Is putting children ‘under’ safe?

January 9, 2021 by Svitlana Mirsaeidi0
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It is not uncommon for parents to express concern regarding the effects of sedatives and anaesthetics on the neurocognitive development of their child.

In 2016, a US Food and Drug Administration (FDA) Drug Safety Communication stated recent evidence suggests a single, relatively short exposure to general anaesthetic and sedation drugs in infants or toddlers is not likely to compromise learning and behavior.

This was supported by a classic study at the same time called The Pediatric Anesthesia Neurodevelopment Assessment (PANDA). This study found among healthy children with a single anaesthesia exposure before age 36 months, compared with healthy siblings with no anaesthesia exposure, there were no statistically significant differences in IQ scores in later childhood.

More recently, in 2018 and 2019, researchers carried out two benchmark studies on the neurologic effects of anaesthetic exposure in young children:

  1. The Mayo Anesthesia Safety in Kids (MASK) study found that anaesthesia exposure before age 3 yr was not associated with deficits in general intelligence. Although other effects maybe possible. They suggest that multiple, but not single, exposures are associated with a pattern of changes behaviour and learning.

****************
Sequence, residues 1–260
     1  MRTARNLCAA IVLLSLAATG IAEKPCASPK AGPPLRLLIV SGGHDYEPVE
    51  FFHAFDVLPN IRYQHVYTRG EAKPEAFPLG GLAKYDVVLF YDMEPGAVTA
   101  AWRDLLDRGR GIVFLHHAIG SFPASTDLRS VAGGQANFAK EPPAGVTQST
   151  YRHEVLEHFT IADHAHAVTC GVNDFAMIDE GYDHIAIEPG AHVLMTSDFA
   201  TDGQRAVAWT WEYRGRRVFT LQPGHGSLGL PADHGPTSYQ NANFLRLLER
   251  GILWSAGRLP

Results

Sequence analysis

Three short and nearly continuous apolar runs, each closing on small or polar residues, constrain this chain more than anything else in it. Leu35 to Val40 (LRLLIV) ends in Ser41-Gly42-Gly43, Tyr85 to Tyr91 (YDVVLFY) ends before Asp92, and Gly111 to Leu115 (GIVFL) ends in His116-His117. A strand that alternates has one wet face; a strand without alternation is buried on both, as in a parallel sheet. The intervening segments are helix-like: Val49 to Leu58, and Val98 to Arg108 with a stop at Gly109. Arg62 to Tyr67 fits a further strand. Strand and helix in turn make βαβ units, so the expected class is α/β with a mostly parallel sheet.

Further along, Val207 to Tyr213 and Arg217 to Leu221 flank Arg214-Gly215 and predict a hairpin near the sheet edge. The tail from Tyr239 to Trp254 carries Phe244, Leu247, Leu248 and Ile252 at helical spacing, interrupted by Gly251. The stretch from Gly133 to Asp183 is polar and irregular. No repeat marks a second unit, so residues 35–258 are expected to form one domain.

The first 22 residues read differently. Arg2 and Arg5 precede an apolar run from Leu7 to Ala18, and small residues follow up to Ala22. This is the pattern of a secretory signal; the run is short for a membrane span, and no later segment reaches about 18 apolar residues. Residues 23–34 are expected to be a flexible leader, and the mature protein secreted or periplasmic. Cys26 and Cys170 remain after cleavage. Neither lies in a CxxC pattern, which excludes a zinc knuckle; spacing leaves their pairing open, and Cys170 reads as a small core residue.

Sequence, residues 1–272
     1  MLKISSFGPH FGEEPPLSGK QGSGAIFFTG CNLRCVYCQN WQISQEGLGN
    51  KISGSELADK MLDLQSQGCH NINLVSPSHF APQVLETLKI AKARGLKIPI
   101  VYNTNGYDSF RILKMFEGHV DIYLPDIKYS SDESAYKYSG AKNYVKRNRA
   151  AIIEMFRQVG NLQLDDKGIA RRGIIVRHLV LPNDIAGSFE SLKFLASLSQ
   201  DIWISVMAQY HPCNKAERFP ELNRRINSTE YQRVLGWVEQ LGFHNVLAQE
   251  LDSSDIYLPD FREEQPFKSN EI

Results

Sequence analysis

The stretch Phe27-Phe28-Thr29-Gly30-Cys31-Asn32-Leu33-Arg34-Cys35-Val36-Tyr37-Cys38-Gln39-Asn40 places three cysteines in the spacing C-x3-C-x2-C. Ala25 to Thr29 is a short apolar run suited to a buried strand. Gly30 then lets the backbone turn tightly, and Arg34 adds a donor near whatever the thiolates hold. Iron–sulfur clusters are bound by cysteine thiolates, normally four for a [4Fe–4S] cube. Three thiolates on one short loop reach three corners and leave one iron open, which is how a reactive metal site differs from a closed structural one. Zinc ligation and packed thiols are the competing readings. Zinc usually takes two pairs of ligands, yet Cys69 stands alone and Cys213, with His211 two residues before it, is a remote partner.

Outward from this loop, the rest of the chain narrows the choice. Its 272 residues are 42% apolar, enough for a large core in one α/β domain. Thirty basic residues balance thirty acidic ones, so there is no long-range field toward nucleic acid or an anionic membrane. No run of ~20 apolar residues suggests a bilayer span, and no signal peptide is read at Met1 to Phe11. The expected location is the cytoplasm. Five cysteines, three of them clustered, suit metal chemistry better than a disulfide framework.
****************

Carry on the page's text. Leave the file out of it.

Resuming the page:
2. The General Anaesthesia Compared to Spinal Anaesthesia (GAS) found that slightly less than 1 h of general anaesthesia in early infancy does not alter neurodevelopmental outcome at age 5 years.

 

So what should you do if your child requires dental treatment and is afraid to get it?

  • Try to talk them into seeing the dentist without going ‘under’. More often than not, we can manage children by just walking them through their treatment using simple metaphors and illustrations.
  • Use ‘lighter’ forms of sedations, such as nitrous oxide (laughing) gas before resorting to heavier methods such as sedative medication.
  • If none of these work, and your child has to be put under general anaesthesia for treatment, do not worry, everything will be fine. Once under general anaesthesia, dentists typically treat all your child’s teeth in one appointment, so your child will come out with a healthy dentition. From that point onwards, try to improve homecare and bring your children to the dentist for routine check-ups. Because if problems are caught early, dental treatments are usually simple and quick and children will tolerate them without sedation or general anaesthesia.

 

You can read more about the studies mentioned above here:
https://www.fda.gov/drugs/drug-safety-and-availability/fda-drug-safety-communication-fda-review-results-new-warnings-about-using-general-anesthetics-and
https://pubmed.ncbi.nlm.nih.gov/27272582/
https://pubmed.ncbi.nlm.nih.gov/29672337/
https://www.thelancet.com/journals/lancet/article/PIIS0140-6736(18)32485-1/fulltext


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